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arXiv:1903.06152 [astro-ph.SR]AbstractReferencesReviewsResources

Constraining Stellar Photospheres as an Essential Step for Transmission Spectroscopy of Small Exoplanets

Benjamin V. Rackham, Arazi Pinhas, Dániel Apai, Raphaëlle Haywood, Heather Cegla, Néstor Espinoza, Johanna K. Teske, Michael Gully-Santiago, Gioia Rau, Brett M. Morris, Daniel Angerhausen, Thomas Barclay, Ludmila Carone, P. Wilson Cauley, Julien de Wit, Shawn Domagal-Goldman, Chuanfei Dong, Diana Dragomir, Mark S. Giampapa, Yasuhiro Hasegawa, Natalie R. Hinkel, Renyu Hu, Andrés Jordán, Irina Kitiashvili, Laura Kreidberg, Carey Lisse, Joe Llama, Mercedes López-Morales, Bertrand Mennesson, Karan Molaverdikhani, David J. Osip, Elisa V. Quintana

Published 2019-03-14Version 1

Transmission spectra probe the atmospheres of transiting exoplanets, but these observations are also subject to signals introduced by magnetic active regions on host stars. Here we outline scientific opportunities in the next decade for providing useful constraints on stellar photospheres and inform interpretations of transmission spectra of the smallest ($R<4\,R_{\odot}$) exoplanets. We identify and discuss four primary opportunities: (1) refining stellar magnetic active region properties through exoplanet crossing events; (2) spectral decomposition of active exoplanet host stars; (3) joint retrievals of stellar photospheric and planetary atmospheric properties with studies of transmission spectra; and (4) continued visual transmission spectroscopy studies to complement longer-wavelength studies from $\textit{JWST}$. We make five recommendations to the Astro2020 Decadal Survey Committee: (1) identify the transit light source (TLS) effect as a challenge to precise exoplanet transmission spectroscopy and an opportunity ripe for scientific advancement in the coming decade; (2) include characterization of host star photospheric heterogeneity as part of a comprehensive research strategy for studying transiting exoplanets; (3) support the construction of ground-based extremely large telescopes (ELTs); (4) support multi-disciplinary research teams that bring together the heliophysics, stellar physics, and exoplanet communities to further exploit transiting exoplanets as spatial probes of stellar photospheres; and (5) support visual transmission spectroscopy efforts as complements to longer-wavelength observational campaigns with $\textit{JWST}$.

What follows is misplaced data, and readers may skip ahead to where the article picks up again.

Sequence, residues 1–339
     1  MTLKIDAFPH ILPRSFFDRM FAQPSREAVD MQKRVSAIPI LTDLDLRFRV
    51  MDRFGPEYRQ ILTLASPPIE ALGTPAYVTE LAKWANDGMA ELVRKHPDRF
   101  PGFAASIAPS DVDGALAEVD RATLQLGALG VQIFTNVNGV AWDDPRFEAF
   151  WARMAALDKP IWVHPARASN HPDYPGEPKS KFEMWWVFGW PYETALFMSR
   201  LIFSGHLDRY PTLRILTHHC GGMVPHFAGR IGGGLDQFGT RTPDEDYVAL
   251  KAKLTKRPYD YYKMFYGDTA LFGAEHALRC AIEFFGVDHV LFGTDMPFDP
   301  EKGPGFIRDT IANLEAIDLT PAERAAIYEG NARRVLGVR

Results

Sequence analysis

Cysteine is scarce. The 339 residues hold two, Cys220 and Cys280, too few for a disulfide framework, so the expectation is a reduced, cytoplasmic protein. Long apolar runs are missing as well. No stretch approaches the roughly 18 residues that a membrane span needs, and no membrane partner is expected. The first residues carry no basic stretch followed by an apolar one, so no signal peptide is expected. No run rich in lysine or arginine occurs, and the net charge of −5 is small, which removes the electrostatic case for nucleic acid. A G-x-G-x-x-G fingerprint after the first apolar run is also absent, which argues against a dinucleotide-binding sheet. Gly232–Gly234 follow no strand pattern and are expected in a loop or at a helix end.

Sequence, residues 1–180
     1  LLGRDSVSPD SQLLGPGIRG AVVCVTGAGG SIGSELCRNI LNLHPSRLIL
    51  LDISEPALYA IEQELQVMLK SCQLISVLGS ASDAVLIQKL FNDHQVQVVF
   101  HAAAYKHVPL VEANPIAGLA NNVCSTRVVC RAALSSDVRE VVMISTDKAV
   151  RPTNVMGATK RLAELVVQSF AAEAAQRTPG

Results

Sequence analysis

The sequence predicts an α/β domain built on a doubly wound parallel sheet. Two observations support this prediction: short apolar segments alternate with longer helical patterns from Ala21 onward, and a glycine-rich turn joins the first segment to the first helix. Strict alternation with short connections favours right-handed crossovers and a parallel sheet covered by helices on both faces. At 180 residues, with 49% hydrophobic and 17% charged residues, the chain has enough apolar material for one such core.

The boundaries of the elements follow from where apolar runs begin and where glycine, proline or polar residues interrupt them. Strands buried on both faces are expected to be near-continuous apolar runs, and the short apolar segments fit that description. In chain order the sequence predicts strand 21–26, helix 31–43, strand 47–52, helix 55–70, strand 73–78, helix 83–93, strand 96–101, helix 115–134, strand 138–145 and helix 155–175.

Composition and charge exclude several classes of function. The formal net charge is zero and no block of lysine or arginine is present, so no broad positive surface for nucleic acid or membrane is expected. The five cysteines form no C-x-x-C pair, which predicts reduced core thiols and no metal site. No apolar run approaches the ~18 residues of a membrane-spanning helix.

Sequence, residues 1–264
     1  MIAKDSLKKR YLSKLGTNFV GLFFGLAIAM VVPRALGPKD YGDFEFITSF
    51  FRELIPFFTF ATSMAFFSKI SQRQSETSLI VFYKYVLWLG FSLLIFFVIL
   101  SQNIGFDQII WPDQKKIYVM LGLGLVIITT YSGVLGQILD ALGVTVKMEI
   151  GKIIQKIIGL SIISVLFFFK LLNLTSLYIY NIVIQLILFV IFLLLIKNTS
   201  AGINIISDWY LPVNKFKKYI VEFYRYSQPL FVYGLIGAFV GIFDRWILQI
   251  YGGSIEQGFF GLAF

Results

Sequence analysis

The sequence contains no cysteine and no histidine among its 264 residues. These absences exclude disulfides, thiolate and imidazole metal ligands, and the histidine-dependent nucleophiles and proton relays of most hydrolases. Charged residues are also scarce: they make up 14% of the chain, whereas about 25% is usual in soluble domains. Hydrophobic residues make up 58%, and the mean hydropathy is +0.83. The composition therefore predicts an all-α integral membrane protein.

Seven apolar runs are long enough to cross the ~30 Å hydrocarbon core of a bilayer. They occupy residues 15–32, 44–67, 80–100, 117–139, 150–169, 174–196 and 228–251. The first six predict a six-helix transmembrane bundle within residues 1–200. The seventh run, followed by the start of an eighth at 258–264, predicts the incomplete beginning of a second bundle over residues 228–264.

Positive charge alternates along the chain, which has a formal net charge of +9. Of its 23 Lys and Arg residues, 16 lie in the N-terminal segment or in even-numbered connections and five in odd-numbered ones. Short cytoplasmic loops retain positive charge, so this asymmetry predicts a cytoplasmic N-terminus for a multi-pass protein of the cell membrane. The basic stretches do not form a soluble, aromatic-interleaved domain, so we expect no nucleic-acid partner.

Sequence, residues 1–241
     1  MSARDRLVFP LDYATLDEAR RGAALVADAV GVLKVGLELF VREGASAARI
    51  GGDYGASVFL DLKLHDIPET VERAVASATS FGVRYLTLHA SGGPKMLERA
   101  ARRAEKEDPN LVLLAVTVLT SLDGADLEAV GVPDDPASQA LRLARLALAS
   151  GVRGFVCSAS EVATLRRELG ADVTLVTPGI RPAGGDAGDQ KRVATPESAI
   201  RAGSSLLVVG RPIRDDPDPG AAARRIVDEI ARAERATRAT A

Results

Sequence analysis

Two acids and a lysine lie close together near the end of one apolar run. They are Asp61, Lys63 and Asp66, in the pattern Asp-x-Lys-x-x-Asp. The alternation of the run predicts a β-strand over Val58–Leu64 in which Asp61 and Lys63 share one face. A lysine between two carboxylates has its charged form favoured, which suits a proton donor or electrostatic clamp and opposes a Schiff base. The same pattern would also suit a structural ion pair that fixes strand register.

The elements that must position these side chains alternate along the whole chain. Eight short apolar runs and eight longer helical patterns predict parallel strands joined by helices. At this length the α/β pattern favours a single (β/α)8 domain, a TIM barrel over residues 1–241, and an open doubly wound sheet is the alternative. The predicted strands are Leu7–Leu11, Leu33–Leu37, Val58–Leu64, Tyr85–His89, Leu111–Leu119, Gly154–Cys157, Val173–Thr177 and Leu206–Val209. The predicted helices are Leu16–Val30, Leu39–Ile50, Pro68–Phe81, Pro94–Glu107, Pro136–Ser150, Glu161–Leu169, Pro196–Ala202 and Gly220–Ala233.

Comments: Science white paper submitted in response to the the U.S. National Academies of Science, Engineering, and Medicine's call for community input to the Astro2020 Decadal Survey; 9 pages, 3 figures
Categories: astro-ph.SR, astro-ph.EP